He was born of a Jewish mother, in Galilee, a Jewish part of the world. All of his friends, associates, colleagues, disciples, all of them were Jews. He regularly worshipped in Jewish communal worship, what we call synagogues. He preached from Jewish text, from the Bible.

Why do the popes wear red shoes? ›

The indoor Papal slippers were made of red velvet or silk and were heavily decorated in gold braid, with a gold cross in the middle. Throughout Church history, the color red has been deliberately chosen to represent the blood of Catholic martyrs spilled through the centuries following in the footsteps of Christ.

Can you wear jeans at the Vatican? ›

The Vatican has a dress code that some travellers might not be aware of when visiting. Luckily if you're planning on wearing jeans to the Vatican, you definitely can! When you plan to visit, it's best to keep your knees and shoulders covered. And for footwear, you will need flat shoes, not flip-flops or casual sandals.

What does the Pope do all day? ›

DAILY ROUTINE: Francis rises on his own at around 4:30 a.m. and spends the next two hours praying, meditating on the Scripture readings for the day and preparing his morning homily. He delivers it off-the-cuff at the 7 a.m. Mass in the chapel of the Vatican's Santa Marta hotel where he lives.

Did Pope Francis get rid of Latin Mass? ›

VATICAN CITY, Feb 21 (Reuters) - Pope Francis on Tuesday further tightened the screws on Catholic conservatives over the use of traditional Latin Mass, rebuking bishops who had allowed it to be said in parishes without previous permission from the Vatican.

Why did Pope Francis cancel Latin Mass? ›

Francis said at the time that he was acting to preserve church unity, saying the spread of the Tridentine Mass had become a source of division and been exploited by Catholics opposed to the Second Vatican Council, the 1960s meetings that modernized the church and its liturgy.

Can any priest celebrate the Latin Mass? ›

Any priest ordained after the issuance of the new norms who wishes to celebrate the Traditional Latin Mass must submit a formal request to their bishop, and the bishop in turn will consult with the Vatican before granting permission.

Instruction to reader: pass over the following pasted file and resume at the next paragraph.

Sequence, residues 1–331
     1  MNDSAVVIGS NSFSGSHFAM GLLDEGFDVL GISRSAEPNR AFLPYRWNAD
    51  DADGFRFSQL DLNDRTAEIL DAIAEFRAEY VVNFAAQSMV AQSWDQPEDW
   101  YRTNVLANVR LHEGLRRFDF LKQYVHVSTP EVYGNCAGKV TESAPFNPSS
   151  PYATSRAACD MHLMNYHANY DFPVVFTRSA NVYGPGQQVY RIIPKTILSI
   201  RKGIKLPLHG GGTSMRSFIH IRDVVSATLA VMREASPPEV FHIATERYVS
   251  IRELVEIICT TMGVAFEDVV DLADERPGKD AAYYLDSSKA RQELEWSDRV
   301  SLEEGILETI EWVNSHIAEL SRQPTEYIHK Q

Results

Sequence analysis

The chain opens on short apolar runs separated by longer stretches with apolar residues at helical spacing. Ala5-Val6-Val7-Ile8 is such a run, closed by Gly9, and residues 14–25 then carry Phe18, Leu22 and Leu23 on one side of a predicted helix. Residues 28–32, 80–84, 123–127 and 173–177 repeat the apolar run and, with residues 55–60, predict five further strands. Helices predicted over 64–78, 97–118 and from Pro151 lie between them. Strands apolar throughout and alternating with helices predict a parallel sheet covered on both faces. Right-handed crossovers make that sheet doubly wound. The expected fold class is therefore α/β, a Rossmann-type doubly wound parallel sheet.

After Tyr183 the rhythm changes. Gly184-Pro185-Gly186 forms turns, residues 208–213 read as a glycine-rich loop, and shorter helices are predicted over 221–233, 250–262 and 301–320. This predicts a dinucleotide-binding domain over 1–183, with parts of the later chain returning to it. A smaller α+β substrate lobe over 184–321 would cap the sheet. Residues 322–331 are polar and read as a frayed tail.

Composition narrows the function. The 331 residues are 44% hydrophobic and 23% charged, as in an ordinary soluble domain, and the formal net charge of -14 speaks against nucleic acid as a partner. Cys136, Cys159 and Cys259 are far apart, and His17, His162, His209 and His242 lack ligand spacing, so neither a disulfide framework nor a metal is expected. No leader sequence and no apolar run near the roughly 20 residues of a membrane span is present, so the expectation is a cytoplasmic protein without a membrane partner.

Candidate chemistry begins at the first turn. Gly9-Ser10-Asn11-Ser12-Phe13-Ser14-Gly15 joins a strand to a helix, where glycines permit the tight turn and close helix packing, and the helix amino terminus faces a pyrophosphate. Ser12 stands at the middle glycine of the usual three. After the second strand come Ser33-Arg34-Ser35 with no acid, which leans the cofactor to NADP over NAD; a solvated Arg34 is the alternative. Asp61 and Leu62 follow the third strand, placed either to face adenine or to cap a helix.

When did the Catholic Church start worshiping on Sunday? ›

Edict of Constantine

On 3 March 321, Constantine I decreed that Sunday (dies Solis) will be observed as the Roman day of rest [CJ3. 12.2]:

What does Pope Francis think of the Latin Mass? ›

Pope Francis said he implemented one of the changes of Traditionis custodes, the 2021 motu proprio restricting the celebration of the Traditional Latin Mass, because the allowances granted by his predecessors were “being used in an ideological way.”

Why the church is losing Latin America? ›

The reasons for this shift are complex, including political changes that reduced the Catholic Church's advantages over other religions, as well as growing secularization in much of the world.

How did St Francis change the church? ›

Francis of Assisi changed the Catholic Church in a number of ways. St. Francis organized the first live nativity, created numerous new religious orders, was the first to preach about animals, and, in his honor, people bless animals on his Feast Day.

Does the pope have power over the church? ›

The pope, as bishop of Rome, is thus seen to have full and supreme power of jurisdiction over the universal church in matters of faith and morals, as well as in church discipline and government.

How did the Vatican change the church? ›

Opening The Church

No new dogma was issued, but the council transformed the church from an exclusive to an inclusive institution. Before the Second Vatican Council, altars were turned so the priests celebrated Mass with their backs facing the congregation.

How has the Catholic Church changed since Vatican II? ›